A long time ago, in a galaxy much like this one, boys and girls, there lived a very sad girl. The fire in this sad girl’s heart had been nearly snuffed out, and she struggled just to find the strength to make her way through each new day.
Luckily for this very sad girl, there also lived a wise old man. And when the girl cried to this man that she had lost all her hope, he looked her in her very sad eyes and said, “It’s okay, very sad girl, if you cannot have hope in this moment, for I have enough hope for both of us.”
And this, boys and girls, is what I want to share with you tonight, as you drift off into soft pillows and magic dreams. If you have lost your hope, do not fear! For I have enough hope to last us both until you find yours again.
Some days simply don’t go as planned.
After not sleeping well last night, I found myself in an emotional slump. My attitude was negative, I (might’ve) cried into my lunch, and I made poor eye contact with the nothing-but-friendly cashier at the health food store. So many times I’ve let bad hours turn into bad days and bad nights, relinquishing any chance for seeing or experiencing beauty. I did not want today to be one of those days.
Though I can’t recall (or even find) the specific quote, I once read something about doing the “next best thing.” This particular quote was in reference to eating disorder slips, but can be easily applied to any number of good-mood-destroying events. The basic idea is that, even if you cannot always prevent something negative from happening, you can do the “next best thing,” the next positive step toward opening yourself up to what could be.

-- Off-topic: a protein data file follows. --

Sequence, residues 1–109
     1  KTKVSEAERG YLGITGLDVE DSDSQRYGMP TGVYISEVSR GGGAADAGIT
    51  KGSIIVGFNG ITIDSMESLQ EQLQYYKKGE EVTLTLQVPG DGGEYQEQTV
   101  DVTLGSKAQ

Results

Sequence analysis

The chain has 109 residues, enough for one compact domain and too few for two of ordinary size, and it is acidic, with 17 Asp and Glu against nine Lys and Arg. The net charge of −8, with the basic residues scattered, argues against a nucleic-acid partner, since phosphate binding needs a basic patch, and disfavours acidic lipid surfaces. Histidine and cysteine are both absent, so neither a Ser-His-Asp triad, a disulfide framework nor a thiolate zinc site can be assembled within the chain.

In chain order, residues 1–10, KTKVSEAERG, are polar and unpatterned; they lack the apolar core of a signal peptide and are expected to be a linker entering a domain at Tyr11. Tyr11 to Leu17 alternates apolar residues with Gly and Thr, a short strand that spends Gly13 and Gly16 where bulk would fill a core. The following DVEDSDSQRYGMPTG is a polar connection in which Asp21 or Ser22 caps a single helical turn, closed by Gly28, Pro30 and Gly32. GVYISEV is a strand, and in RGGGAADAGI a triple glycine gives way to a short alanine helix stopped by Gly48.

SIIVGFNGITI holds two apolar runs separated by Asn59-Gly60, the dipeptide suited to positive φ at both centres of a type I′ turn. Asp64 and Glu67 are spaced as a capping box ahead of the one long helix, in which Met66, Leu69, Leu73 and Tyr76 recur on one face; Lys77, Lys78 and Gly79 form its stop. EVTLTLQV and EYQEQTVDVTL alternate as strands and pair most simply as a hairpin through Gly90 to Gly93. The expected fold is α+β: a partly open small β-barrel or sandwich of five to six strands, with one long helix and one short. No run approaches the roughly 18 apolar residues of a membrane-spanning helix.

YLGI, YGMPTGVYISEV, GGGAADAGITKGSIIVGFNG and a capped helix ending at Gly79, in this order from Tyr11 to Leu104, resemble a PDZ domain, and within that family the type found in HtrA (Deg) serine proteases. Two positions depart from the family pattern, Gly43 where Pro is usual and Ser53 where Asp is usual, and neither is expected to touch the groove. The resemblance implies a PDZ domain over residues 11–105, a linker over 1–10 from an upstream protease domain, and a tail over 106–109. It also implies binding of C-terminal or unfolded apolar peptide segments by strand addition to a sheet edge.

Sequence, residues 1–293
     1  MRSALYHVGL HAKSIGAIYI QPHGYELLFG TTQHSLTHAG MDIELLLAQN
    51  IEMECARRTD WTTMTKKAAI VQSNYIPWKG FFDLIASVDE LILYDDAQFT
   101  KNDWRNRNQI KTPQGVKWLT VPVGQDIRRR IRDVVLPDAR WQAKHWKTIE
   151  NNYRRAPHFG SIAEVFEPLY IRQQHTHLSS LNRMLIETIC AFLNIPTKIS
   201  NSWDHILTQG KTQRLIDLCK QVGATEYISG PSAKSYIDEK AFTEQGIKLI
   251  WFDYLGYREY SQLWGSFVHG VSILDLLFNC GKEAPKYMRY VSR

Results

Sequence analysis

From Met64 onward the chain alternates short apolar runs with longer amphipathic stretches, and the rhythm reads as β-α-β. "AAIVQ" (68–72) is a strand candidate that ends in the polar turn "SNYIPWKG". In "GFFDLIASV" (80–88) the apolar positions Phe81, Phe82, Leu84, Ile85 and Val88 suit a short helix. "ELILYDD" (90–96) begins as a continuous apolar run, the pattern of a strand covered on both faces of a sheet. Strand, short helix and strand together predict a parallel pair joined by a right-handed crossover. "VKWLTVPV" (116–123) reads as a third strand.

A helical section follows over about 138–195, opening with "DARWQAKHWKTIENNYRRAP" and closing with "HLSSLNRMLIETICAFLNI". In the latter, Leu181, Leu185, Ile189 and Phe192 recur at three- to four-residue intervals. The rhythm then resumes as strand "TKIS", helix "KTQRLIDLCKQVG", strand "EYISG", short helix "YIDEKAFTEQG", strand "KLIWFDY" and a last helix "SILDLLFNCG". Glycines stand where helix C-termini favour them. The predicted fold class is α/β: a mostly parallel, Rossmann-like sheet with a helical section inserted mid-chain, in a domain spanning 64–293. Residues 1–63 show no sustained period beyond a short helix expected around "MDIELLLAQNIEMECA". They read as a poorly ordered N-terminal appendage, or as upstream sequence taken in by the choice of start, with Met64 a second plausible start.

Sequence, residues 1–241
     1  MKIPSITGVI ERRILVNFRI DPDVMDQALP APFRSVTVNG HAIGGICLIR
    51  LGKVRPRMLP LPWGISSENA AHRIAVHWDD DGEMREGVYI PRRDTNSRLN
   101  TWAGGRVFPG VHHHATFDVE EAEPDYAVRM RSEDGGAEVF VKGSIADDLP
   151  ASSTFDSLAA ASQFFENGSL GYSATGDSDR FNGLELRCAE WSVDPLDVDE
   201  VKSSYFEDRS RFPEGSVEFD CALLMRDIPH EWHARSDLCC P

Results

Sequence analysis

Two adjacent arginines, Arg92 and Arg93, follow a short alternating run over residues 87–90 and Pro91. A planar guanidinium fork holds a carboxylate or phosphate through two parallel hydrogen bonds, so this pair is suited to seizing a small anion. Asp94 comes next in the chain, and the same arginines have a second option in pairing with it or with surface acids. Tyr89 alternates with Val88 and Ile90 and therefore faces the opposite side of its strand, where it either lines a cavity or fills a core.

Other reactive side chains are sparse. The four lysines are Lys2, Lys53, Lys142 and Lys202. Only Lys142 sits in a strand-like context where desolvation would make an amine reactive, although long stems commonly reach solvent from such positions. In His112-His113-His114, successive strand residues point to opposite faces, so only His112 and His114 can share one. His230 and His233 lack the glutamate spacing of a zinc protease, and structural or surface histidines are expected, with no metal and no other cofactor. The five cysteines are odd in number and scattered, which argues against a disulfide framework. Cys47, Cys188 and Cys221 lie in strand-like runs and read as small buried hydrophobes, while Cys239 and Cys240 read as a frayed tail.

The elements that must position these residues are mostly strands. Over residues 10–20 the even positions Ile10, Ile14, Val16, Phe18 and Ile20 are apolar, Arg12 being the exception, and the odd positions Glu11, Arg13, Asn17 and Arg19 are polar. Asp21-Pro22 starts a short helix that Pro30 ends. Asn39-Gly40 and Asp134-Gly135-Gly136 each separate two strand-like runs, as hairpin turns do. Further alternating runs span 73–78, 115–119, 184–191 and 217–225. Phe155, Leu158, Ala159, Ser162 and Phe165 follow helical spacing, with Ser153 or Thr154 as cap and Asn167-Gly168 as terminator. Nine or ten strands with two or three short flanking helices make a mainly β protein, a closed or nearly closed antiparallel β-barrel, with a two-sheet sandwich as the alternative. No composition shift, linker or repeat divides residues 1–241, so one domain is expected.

For me, today, that involved a hot shower, comfortable clothes, tea, a book and a soft blanket.
I recently attended my first eating disorder recovery support group. I’d searched for groups in the past and been unable to find anything in the city, so as soon as I located this one, I knew I needed to make myself go. The small group met in a cozy basement room of a local university building. Overall, the experience was positive and left me feeling welcomed, warm and hopeful.
Later that night, though, as I lay down to try to sleep, I found my brain swimming with thoughts..
“I don’t know why you went to that group. There’s not even anything wrong with you! Good grief. Your weight is perfectly healthy. No one thinks you look ill, so you obviously aren’t. Yadda, yadda, yadda.”
Living with an eating disorder is much like playing host to an evil twin who perches herself on your shoulder incessantly whispering cruel and belittling comments into your ear. You never feel good enough, pretty enough, deserving enough. But though it sometimes feels more comfortable to consider the ED as separate from yourself, I believe this displacement of responsibility could be potentially harmful.
The reality is, all these thoughts are coming from your own brain, not some separate entity. Frustrating? Absolutely. But admitting these thoughts are a part of yourself means returning the power to where it belongs. In you.
Let me say this, as much for myself as for anyone who might be reading: You deserve peace. You deserve joy. And you deserve to not continue to live in a way that leaves you tired, weak, ill and socially-isolated. YOU ARE ENOUGH.